Roper: The $383 million Vermont child care proposal is not ‘for the kids’

By Rob Roper

Senator Dick Sears (D-Bennington) committed candor during a presentation on how the state might pay for the $383 million (a year) total tax bill associated with a proposal to expand Vermont’s state subsidized child care programs.

“Our goal here is to get a more comfortable workforce,” admitted Sears. “That’s what I’ve heard from my employers. … I’m not going to argue whether [a parent] staying home is better, but if you’re staying home, you’re not in the workforce.”

He’s not going to argue if it’s better for the child to be home with a parent during the first five years because there is no argument. Except in extreme circumstances, it’s better for a child to be raised at home by a parent. What this proposal (it’s not in bill form as of this writing) is all about, despite the slick marketing facades of “Let’s Grow Kids” and “Building Bright Futures,” is corporate welfare at the expense of children’s well-being.

Proponents of early childhood education tout the importance of a child’s brain development over the first five years, which is a true critical period. What those proponents ignore is the fact that what is best for that brain development is the stability and bonding that takes place between parent and child over that period — not being shuffled around and handed off to strange people in unfamiliar places.

What daycare injects into the developing brain is high stress and separation anxiety that creates chemical imbalances with the potential for long term impacts on mental health. As multiple studies show, when children go to daycare there is a stress response that leads to a spike in cortisol, a steroid hormone produced by the adrenal glands. For girls, the cortisol rise is associated with anxious, vigilant behavior, and for boys it is associated with angry, aggressive behavior. The younger the child and the longer the time spent in care the more dramatic the cortisol spikes tend to be. And this is the goal of the proposed program! Longer days in care for younger kids, including infants.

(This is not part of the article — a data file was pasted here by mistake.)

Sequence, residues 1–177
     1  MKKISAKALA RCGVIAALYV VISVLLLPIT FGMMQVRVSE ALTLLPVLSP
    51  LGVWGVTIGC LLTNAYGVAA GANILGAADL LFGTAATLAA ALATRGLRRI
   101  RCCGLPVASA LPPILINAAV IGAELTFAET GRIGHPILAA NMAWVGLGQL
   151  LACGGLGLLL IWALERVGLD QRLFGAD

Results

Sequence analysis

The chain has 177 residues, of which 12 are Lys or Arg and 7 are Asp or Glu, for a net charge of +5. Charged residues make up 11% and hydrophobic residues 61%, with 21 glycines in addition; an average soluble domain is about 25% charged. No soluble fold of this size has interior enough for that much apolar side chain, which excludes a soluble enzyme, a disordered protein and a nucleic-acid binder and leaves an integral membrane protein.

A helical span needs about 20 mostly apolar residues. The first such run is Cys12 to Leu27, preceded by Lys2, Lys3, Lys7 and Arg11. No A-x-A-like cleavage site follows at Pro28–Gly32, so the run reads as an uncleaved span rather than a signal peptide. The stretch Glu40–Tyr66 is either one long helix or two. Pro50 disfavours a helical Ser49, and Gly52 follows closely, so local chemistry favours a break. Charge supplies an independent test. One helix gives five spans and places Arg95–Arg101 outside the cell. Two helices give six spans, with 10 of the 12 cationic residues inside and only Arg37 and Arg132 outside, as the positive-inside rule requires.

According to the RAND analysis, Vermont already spends about $125 million a year on state subsidized and regulated pre-k programs. This amount and the programs’ scope has been rising since 2006 when the legislature passed Act 62 and embarked on path to expand access to so-called “high-quality” early education facilities.

While no analysis has been done to determine if Vermont’s “investment” in early care over the past nearly two decades has delivered on its promises, one state with a similar program also begun in the mid-2000s, Tennessee, has done such evaluations – and the results are not good. The most recent study by Vanderbilt University, published in January 2022 found:

Data through sixth grade from state education records showed that the children randomly assigned to attend pre-K had lower state achievement test scores in third through sixth grades than control children, with the strongest negative effects in sixth grade. A negative effect was also found for disciplinary infractions, attendance, and receipt of special education services, with null effects on retention.

This tracks with what Vermont is experiencing today with falling test scores over the past decade and increased behavioral issues in our schools. While we don’t know enough at this point (because nobody is bothering to look) if our systematically putting more kids in government-subsidized and regulated child care programs is correlation or causation for the declining k-12 results and increasing mental health issues in our young people, it certainly doesn’t look good. For sure it isn’t helping.